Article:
The Tomatometer rating – based on the published opinions of hundreds of film and television critics – is a trusted measurement of movie and TV programming quality for millions of moviegoers. It represents the percentage of professional critic reviews that are positive for a given film or television show.
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The Tomatometer is 60% or higher.
The Tomatometer is 59% or lower.
Movies and TV shows are Certified Fresh with a steady Tomatometer of 75% or higher after a set amount of reviews (80 for wide-release movies, 40 for limited-release movies, 20 for TV shows), including 5 reviews from Top Critics.
Percentage of users who rate a movie or TV show positively.
In the final analysis, the best thing one can say for Lee is that he takes risks, like all true artists. For unlike most of today's film makers, he's not afraid to really challenge a movie audience to do some serious thinking.
[Do the Right Thing is] an exceptional film, a movie that wisely deprives you of the cozy resolutions and epiphanies so often manufactured by Hollywood. Like the film's principals, you are left feeling that you have been torched where you live.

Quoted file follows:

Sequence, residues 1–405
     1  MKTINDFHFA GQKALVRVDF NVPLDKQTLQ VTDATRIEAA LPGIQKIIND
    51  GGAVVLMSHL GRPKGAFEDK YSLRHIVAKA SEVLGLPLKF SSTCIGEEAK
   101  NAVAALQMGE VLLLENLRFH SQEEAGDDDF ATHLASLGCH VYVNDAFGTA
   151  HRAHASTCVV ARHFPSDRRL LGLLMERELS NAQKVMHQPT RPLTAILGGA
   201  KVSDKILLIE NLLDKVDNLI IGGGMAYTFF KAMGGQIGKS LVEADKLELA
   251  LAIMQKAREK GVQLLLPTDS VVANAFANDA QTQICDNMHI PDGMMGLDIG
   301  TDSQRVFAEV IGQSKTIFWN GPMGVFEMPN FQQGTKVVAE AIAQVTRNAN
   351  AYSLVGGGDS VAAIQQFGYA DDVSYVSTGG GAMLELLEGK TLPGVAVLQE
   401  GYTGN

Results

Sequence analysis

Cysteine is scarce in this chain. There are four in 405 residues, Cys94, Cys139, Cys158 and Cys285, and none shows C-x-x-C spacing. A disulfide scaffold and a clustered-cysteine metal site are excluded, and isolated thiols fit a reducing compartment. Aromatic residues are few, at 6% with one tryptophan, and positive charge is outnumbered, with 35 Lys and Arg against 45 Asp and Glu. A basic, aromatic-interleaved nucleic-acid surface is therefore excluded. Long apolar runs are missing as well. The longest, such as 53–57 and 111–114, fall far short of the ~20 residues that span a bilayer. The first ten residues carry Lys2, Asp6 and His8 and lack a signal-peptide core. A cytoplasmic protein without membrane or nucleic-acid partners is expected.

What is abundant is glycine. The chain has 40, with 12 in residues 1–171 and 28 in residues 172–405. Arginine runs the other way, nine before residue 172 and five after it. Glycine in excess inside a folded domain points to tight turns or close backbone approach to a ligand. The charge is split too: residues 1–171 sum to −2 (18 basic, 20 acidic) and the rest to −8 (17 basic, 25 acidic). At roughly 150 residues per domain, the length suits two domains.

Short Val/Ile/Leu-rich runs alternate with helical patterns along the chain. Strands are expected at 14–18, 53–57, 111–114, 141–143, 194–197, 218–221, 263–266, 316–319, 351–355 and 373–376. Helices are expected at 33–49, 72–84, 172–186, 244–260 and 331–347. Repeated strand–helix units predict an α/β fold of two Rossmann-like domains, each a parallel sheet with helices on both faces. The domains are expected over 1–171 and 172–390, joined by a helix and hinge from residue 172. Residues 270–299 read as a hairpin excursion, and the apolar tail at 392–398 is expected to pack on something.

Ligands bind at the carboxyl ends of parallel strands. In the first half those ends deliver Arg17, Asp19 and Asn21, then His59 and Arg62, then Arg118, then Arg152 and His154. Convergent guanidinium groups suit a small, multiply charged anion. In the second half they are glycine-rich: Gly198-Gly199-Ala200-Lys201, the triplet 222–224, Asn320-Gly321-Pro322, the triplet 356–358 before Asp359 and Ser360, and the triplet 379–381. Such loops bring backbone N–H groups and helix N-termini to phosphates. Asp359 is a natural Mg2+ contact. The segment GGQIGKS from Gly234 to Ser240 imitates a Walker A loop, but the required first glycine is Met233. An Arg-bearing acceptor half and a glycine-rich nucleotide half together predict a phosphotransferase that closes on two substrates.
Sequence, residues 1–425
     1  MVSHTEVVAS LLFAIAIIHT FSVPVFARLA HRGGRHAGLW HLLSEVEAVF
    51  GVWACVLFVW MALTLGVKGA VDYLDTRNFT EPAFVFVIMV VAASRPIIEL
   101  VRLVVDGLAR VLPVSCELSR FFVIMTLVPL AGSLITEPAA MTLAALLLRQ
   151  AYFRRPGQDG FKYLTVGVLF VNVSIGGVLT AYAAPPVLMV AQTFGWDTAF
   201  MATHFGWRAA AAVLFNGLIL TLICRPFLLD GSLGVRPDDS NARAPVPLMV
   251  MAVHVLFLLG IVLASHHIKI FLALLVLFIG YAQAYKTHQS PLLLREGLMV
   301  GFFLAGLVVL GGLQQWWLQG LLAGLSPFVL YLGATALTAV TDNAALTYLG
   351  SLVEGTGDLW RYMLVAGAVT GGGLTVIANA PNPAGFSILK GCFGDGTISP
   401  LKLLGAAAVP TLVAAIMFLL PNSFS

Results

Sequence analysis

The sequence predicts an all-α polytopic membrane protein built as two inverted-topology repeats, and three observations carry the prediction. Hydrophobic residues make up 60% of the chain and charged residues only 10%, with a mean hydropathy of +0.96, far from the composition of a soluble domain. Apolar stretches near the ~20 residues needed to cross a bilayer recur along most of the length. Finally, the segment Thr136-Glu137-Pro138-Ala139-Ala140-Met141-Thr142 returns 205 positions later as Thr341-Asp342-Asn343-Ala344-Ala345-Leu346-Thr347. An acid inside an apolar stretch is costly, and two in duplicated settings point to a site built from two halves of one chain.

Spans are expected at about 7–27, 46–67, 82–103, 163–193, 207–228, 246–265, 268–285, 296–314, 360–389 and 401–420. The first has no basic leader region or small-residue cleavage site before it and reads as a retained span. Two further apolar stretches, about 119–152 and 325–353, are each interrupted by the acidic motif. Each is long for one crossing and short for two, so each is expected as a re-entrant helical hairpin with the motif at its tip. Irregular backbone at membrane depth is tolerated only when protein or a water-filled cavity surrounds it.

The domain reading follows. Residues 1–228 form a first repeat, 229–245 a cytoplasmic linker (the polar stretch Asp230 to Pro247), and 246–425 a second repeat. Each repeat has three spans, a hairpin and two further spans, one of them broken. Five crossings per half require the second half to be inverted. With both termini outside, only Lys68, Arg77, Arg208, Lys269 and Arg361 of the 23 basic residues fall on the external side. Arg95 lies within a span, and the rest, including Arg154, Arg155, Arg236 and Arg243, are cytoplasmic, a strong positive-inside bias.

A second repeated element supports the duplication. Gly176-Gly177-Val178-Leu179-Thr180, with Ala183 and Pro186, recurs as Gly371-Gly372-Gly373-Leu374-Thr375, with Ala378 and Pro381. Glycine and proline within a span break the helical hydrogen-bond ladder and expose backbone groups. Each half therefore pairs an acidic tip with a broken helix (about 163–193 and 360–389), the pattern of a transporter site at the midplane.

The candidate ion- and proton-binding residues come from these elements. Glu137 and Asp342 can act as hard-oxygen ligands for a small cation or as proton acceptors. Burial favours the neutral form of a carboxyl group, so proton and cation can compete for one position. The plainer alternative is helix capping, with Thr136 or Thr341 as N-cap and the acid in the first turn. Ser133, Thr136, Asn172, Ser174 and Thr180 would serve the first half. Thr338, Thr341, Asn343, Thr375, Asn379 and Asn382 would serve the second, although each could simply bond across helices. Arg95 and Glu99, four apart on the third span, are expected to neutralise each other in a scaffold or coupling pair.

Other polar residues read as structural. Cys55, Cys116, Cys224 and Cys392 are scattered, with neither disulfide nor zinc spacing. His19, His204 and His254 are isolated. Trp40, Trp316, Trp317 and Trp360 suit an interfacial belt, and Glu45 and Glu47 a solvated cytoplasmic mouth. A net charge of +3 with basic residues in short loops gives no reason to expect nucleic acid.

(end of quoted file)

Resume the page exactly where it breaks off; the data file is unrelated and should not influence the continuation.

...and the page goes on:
Do the Right Thing is Lee's most complex, heartfelt and disturbing film to date, a drama about racism that is more shockingly outspoken than any I've seen since David Mamet's great, and neglected, Edmond.
Its characters are often abrasive; its language is consistently foul; and it takes a complicated view of race-related violence. Yet it's an attractive and even beguiling film in many ways, too, with large resources of humor and intelligence.
Captures a sense of black pride in the late '80s that's caught between essentialism and pop-culture commercialism. Trash-talking racism, distrust, and males' insistence on respect blaze the story along a path that LA would burn with its 1992 riots.